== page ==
Firefox, the open source browser launched in 2004, appears to be losing some of its luster, according to a new set of data crunched by NetApplications. Since November of last year, Firefox has watched its market share fade, dropping in popularity three months in a row for the first time in its history. New February numbers now place the upstart browser at 24.23 percent. That leaves Firefox a hair under the 25 percent mark that has long eluded the team at Mozilla, the company that manages Firefox.
No one is waving the white flag. Firefox still occupies a comfortable second place in the browser wars, well behind Microsoft's Internet Explorer, but leaps ahead of Google Chrome (5.61 percent in February) and Safari (4.45 percent in February). Moreover, the Firefox add-on trade is bustling, always a good indication of browser strength. According to Mozilla, more than 1.8 billion adds-ons have been downloaded, with 153 million currently in use.
Still, the numbers are grim for Firefox, which appears to have lost ground to Google Chrome, another open-source browser that went into wide-release in 2008. "[I]f the last three months are any indication, Firefox will never hit that 25 percent market share mark that looked all but certain just a few short months ago," writes Emil Protalinski of Ars Technica.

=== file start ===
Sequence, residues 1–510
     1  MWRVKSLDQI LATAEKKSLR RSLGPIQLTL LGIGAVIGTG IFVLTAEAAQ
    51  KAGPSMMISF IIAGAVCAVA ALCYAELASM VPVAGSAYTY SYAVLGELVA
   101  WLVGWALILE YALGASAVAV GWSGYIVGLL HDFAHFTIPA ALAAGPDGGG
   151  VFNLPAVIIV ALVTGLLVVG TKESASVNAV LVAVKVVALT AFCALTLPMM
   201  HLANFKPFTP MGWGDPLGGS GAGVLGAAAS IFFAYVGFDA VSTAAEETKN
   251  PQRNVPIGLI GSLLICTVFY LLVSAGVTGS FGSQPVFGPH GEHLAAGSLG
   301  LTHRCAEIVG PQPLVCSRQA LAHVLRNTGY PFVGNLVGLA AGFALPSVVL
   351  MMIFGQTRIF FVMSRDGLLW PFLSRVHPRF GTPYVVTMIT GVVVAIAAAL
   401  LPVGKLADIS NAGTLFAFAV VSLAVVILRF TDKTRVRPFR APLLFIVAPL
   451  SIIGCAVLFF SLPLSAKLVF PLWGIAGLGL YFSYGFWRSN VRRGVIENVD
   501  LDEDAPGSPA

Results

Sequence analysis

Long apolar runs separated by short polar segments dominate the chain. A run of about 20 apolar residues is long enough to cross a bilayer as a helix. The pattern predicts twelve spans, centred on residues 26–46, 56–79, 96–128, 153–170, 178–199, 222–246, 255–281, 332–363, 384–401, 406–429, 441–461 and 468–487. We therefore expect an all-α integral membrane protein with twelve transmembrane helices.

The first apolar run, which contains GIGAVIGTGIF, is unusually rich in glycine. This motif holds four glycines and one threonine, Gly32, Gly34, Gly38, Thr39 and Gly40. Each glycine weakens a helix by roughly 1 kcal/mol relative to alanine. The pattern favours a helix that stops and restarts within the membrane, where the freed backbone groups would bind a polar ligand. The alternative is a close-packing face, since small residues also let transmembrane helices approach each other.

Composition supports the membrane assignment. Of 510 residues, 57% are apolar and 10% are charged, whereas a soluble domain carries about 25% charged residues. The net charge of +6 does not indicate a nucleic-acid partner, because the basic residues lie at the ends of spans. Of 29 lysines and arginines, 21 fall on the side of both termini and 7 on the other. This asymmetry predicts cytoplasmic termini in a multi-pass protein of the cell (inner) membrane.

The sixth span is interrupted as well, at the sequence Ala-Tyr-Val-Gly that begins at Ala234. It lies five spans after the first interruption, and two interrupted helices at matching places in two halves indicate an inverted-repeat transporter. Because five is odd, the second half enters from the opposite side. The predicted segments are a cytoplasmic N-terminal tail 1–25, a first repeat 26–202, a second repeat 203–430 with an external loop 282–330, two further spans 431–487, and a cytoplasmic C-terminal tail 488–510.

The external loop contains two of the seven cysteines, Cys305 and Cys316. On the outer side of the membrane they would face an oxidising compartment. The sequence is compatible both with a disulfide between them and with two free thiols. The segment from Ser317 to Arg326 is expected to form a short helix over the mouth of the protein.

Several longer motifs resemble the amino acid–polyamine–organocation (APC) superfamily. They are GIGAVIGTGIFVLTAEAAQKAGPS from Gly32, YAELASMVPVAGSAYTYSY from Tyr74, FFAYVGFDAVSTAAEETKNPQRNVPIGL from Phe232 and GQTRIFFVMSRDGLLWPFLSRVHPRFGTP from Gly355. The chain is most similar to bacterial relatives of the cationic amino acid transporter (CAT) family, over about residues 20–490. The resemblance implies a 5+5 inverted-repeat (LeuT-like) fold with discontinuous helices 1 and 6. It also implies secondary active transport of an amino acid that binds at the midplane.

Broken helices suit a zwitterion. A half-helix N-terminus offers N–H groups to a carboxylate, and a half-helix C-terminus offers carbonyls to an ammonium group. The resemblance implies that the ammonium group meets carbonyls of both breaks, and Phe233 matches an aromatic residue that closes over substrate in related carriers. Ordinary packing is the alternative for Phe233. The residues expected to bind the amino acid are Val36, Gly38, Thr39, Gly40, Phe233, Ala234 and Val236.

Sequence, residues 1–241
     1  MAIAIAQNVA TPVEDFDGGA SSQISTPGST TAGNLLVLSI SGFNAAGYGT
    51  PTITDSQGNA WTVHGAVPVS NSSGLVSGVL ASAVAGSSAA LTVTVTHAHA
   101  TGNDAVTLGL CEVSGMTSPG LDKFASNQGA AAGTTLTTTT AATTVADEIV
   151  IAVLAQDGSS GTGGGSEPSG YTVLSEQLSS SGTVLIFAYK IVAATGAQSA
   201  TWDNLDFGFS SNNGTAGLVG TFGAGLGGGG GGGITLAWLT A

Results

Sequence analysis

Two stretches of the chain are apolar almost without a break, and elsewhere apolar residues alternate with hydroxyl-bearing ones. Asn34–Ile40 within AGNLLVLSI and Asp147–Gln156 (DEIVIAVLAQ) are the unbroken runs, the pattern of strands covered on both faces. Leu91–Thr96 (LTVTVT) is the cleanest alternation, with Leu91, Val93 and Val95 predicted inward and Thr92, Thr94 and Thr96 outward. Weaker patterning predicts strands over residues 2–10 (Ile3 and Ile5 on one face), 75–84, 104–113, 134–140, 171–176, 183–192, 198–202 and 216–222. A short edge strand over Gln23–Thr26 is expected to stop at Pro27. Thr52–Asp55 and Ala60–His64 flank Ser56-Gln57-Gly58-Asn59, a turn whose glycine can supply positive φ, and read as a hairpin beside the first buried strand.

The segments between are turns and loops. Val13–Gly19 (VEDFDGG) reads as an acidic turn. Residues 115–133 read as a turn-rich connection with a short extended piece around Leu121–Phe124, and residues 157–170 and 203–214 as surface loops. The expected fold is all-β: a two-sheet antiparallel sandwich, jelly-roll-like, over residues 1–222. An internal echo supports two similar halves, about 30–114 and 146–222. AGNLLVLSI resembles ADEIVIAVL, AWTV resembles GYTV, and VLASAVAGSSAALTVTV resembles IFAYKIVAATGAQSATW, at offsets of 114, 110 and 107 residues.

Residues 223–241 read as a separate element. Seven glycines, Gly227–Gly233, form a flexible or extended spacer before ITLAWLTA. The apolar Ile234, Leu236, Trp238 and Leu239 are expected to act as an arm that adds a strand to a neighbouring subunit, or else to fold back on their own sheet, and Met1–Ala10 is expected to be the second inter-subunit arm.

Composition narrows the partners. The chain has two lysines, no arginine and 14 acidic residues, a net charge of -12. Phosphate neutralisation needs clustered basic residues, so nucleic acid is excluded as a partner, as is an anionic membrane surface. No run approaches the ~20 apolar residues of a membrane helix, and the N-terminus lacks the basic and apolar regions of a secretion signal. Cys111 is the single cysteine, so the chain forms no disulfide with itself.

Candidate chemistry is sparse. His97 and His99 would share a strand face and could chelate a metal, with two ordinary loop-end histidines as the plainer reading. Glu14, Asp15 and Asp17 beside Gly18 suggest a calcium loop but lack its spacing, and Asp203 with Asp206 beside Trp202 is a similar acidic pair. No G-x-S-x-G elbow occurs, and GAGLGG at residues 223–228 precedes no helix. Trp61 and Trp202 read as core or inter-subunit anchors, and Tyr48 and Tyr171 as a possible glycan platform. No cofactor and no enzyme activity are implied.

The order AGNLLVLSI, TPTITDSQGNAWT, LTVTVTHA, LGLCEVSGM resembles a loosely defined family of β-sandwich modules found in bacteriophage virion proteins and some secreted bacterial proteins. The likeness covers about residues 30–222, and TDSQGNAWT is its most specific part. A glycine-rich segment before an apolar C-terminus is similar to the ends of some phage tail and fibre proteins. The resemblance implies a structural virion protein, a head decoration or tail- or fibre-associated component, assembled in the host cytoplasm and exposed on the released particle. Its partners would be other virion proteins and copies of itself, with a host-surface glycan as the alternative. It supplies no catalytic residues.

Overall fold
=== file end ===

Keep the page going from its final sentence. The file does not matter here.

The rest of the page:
In a blog post published today, Protalinski suggests that "Mozilla may have to start advertising its browser as much as Google does Chrome (on Google.com, YouTube.com, and so on) or even striking distribution deals with [equipment manufacturers] like Google did with Sony in September 2009." Google has aired several surprisingly clever Chrome ads, such as this one. As Protalinski points out, in late January, Mozilla unveiled Firefox 3.6, but even that upgrade hasn't been enough to raise company fortunes.
So what's up with Firefox? Some analysts see it as just a case of the Next Big Thing – Chrome is shiny, fast, and buzz-worthy. Moreover, writes OStatic's Sam Dean, "Google continues to upgrade Chrome at a very rapid pace, reminiscent of the pace that Mozilla updated Firefox at for years. Mozilla has said that it won't continue to deliver Firefox upgrades at that pace, which could be an opportunity for Google and Chrome."
[Editor's note: The original version of this story misstated Firefox's market share compared to Internet Explorer. It is well "behind" IE.]